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Recalling positive autobiographical memories is a powerful strategy to repair affect. Positive memory recall operates as a reparative strategy by enhancing positive affect, which facilitates the down-regulation of negative affect. There are individual differences, however, in the ability to use positive material to repair mood. Participants with elevated depression scores, for example, are less likely to profit from this strategy. Depression has been associated with elevated fear of positive emotion and the current study examined whether elevated fear of positive emotion is associated with depression-related difficulties in mood repair. Ninety-four participants first underwent a mood repair task in which a sad mood induction was followed by a cue to recall positive autobiographical memories. Subjective measures of state happiness and sadness were collected across the mood induction and positive memory recall procedures. Results revealed that greater fear of positive emotion was linked to less ability to enhance positive affect and down-regulate negative affect using positive memories. Results also provided preliminary support for a mediation model in which greater depressive symptoms predicted elevated fear of positive emotion, which in turn predicted less ability to repair positive affect. These findings highlight fear of positive emotion as a potential target for interventions aimed at improving affect regulation.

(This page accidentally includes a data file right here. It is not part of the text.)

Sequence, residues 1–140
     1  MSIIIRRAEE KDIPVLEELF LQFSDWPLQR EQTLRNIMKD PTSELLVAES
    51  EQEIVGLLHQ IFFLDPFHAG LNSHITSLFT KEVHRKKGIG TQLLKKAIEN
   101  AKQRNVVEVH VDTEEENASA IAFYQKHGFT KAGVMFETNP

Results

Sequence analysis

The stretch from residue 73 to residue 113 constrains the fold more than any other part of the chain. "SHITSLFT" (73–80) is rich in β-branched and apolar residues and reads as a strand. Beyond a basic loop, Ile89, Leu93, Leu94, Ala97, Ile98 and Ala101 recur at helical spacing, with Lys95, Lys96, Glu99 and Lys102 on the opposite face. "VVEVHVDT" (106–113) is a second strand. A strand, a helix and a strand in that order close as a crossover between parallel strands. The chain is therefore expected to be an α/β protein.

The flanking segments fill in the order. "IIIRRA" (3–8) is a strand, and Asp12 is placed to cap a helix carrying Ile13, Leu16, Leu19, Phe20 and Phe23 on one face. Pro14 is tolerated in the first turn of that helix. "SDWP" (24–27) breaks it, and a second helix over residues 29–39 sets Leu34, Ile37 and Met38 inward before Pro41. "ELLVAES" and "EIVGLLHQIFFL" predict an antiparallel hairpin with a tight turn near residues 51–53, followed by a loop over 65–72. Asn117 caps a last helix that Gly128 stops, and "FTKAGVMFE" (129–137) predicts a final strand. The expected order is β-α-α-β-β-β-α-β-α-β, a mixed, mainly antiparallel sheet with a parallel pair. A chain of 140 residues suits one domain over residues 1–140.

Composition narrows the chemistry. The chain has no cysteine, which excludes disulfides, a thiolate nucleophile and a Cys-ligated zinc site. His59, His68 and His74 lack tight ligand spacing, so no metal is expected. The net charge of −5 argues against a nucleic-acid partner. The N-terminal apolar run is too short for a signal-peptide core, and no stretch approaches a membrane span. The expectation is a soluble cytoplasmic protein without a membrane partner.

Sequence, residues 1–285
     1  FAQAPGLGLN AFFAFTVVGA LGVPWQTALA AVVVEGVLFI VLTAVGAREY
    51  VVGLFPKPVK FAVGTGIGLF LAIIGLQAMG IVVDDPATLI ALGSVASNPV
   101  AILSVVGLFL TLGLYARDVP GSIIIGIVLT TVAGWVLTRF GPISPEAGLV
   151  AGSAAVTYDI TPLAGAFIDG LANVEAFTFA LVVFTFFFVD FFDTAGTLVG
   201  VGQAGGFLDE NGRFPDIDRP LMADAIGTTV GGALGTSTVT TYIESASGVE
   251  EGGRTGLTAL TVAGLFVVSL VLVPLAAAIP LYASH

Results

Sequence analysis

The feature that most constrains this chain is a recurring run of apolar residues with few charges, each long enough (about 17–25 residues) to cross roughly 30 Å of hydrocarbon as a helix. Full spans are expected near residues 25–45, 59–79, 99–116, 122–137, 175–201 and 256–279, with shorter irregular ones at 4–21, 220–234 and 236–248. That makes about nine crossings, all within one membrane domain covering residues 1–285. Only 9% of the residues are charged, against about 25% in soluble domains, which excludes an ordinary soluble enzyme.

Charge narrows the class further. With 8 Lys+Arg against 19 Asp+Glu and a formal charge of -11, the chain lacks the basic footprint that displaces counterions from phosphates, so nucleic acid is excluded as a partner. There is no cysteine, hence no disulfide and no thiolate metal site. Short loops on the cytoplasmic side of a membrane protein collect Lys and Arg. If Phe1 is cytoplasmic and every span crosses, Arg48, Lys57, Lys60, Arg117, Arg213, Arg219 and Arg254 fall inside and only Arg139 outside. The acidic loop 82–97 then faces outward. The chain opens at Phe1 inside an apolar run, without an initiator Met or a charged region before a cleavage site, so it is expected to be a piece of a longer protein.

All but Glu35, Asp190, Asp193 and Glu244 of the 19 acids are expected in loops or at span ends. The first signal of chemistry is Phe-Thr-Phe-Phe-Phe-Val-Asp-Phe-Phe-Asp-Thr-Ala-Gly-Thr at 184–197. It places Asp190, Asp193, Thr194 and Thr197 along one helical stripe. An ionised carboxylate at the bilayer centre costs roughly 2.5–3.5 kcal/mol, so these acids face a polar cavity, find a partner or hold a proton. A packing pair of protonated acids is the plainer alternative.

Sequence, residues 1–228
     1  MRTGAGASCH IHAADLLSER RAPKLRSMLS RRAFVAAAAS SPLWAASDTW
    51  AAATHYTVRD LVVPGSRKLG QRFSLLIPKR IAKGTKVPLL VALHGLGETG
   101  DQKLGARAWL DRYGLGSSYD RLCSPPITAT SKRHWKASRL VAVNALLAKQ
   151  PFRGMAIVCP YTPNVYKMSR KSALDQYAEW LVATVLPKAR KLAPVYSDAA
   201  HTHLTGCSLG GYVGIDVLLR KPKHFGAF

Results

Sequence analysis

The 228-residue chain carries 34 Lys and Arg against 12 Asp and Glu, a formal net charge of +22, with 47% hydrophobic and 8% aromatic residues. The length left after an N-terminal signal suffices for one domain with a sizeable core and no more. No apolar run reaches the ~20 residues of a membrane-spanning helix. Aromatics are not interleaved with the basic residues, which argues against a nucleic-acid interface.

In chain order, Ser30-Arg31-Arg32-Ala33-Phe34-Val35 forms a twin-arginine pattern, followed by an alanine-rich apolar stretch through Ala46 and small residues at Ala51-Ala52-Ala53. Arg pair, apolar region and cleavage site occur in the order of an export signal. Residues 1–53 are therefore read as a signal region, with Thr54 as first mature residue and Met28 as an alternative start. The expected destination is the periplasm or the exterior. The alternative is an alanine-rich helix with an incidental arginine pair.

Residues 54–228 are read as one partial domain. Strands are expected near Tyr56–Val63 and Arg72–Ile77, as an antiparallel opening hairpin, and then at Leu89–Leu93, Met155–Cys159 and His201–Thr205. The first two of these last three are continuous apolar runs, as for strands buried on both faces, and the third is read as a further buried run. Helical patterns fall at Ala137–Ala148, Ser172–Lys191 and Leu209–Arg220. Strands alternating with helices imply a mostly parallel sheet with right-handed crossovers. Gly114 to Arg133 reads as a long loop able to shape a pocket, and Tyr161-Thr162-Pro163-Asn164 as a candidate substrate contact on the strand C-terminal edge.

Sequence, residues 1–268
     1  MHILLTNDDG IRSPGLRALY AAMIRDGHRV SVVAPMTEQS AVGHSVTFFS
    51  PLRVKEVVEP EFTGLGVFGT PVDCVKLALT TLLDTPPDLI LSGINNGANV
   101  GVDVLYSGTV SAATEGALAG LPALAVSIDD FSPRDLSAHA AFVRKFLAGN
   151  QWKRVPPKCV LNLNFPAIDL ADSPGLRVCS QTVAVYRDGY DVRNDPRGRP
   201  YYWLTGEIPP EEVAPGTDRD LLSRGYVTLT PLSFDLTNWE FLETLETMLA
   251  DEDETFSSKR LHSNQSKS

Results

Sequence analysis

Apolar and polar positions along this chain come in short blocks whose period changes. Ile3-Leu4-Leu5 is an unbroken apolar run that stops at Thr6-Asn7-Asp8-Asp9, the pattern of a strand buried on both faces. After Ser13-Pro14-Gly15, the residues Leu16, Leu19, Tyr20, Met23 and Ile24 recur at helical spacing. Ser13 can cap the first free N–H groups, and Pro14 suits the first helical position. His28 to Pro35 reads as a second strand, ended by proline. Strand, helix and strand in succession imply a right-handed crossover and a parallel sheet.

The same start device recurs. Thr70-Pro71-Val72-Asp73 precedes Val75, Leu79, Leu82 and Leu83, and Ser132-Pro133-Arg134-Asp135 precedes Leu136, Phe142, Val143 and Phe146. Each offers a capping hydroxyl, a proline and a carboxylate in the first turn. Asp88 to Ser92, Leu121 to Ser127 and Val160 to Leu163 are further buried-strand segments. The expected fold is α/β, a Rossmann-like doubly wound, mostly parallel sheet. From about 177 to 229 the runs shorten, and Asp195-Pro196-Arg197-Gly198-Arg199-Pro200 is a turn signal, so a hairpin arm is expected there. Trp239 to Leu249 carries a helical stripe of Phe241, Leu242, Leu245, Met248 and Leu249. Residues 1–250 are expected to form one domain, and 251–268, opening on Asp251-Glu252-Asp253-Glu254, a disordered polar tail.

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- Remembering the Good Ole Days: Fear of Positive Emotion Relates to Affect Repair Using Positive Memories
W. Michael Vanderlind
Colin H. Stanton
Elizabeth A. Velkoff
- Springer US